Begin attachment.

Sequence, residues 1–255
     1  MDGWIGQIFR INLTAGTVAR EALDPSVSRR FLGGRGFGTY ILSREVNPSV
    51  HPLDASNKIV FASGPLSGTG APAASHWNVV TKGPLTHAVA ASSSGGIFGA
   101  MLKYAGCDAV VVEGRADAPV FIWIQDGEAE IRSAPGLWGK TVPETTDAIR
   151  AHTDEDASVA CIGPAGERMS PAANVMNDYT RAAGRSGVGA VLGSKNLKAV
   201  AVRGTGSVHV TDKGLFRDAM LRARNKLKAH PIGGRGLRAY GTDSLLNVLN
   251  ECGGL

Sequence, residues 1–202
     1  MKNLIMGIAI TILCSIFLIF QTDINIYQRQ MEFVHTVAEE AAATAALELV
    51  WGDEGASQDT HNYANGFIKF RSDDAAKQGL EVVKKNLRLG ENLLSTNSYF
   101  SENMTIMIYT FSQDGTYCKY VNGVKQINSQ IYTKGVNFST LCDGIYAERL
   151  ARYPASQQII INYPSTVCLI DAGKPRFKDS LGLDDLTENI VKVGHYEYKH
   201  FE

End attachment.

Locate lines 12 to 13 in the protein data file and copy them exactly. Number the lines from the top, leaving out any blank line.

   151  ARYPASQQII INYPSTVCLI DAGKPRFKDS LGLDDLTENI VKVGHYEYKH
   201  FE